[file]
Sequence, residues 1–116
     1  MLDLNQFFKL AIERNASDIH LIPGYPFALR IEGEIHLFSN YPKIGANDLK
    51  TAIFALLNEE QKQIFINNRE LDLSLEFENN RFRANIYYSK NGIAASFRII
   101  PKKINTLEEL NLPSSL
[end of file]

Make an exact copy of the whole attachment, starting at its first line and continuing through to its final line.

Sequence, residues 1–116
     1  MLDLNQFFKL AIERNASDIH LIPGYPFALR IEGEIHLFSN YPKIGANDLK
    51  TAIFALLNEE QKQIFINNRE LDLSLEFENN RFRANIYYSK NGIAASFRII
   101  PKKINTLEEL NLPSSL